No matter who is compiling your statistics, or which particular study you want to run with, far too many children are disconnected from their schoolwork and/or discouraged in their academic studies.
"Students don't just suddenly fail; they don't just suddenly drop out," opines the Educate for a Change website. "Their cumulative records show patterns of failure and under-achievement through years of enrollment.The last three decades have been filled with innovative interventions for low achieving students, but ultimately, only two options have persisted through years of debate: Retention & Social Promotion."
The website promotes the idea that instead of throwing more money at the problem of poor student performance, teachers continue to teach material to their students until an A is achieved before moving to the next thing. The example given was a shop class in which students had to perfect a drafting project and learn the shop rules before touching the tools. Admirable, as I sure wouldn't want someone with an "F" in "how to run the powertools" touching all the equipment.
The students are promoted when and if they're ready for the next step. This ensures that the next step is much more likely to be mastered with confidence than it would be had there been significant knowledge "gaps" in the preceding material. Great!
Um, until you start to think about what that would "look like" for those students who truly will struggle and really will be five or six years behind their peers during the teen years. Shunt those kids off into "special schools," where they learn that they're so "special" no one wants to be around them because they're "retarded?" (Yes, children *do* tease each other with these words still. Sorry.) The saying "riding the short bus" isn't one that lends dignity to the kids to whom it applies.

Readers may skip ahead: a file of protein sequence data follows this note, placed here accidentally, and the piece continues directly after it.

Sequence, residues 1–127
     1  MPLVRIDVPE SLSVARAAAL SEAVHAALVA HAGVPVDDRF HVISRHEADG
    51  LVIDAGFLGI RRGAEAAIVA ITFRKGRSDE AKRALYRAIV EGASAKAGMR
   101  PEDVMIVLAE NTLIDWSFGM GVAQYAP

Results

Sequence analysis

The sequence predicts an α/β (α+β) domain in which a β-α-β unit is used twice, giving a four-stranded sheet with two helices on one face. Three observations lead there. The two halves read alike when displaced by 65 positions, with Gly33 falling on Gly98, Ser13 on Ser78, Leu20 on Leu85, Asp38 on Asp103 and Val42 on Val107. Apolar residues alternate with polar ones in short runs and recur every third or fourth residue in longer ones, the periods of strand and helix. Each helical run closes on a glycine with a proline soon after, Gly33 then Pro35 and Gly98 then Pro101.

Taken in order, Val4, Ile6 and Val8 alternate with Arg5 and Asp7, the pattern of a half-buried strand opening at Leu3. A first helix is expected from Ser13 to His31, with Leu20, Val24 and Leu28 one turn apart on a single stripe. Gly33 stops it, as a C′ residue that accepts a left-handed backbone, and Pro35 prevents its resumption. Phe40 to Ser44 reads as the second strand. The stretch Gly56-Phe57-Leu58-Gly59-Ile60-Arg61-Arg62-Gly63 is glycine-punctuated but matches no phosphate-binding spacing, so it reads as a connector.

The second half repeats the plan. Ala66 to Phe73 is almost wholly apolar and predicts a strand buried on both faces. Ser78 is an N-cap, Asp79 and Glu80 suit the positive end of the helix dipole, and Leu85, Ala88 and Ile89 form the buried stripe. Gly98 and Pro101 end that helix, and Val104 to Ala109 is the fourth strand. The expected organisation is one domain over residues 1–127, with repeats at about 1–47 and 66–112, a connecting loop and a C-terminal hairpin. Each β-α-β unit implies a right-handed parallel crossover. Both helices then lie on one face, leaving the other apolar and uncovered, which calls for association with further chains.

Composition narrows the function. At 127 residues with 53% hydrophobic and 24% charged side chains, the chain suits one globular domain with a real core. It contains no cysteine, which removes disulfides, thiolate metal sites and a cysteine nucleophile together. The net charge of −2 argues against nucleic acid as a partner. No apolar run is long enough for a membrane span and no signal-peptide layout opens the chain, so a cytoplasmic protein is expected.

But I know that realistically, nonverbal children like Woodjie just aren't going to fit into the mainstream classroom. They just aren't. You could sit around forever waiting for that kiddo to make an A in reading, but doggone it if you can't understand speech, it's kinda hard for the teacher to show you how to read, isn't it?
I know that at least in our district's preschool, there are many children of very different abilities all grouped in together. That changes pretty quickly in kindergarten. Kindergarten!
Yep, you get the kids who are behind in reading (!??) and the "gifted" kids start to get sorted out right about then. Your kid's five years old and already knows whether he's "stupid" or "smart."
That would never go away under any system, but in retrospect I can't tell you how glad I am for Emperor that he was born ten days after the Missouri school attendance cutoffs. He would be in first grade now if he were in public schools. I was disappointed that he would not be able to attend kindergarten when he turned five. Another year of "special needs preschool" for him.
Then we brought him home after his first week of kindergarten. *Suddenly,* he is able to read. He is able to write. He is now doing the same math the public school's fourth-graders are doing. But he was a special-ed kid in preschool. You know, one of the slow kids? You never know.
I take that encouragement with Woodjie. Maybe he'll never really talk. Maybe he will. You never know. You give the children the best you can, when you can, and see what happens.
Generally speaking, though, I like that idea of having all the students learn at their own individual pace. I'm not sure how that would work with children in mathematics. Educators in our area get around this by using a "spiral" curriculum. But I'm not sure what to make of the Educate for a Change website. It points out the "weakness" of homeschooling as not allowing for proper socialization... and in another article, it decries the rampant bullying in public schools.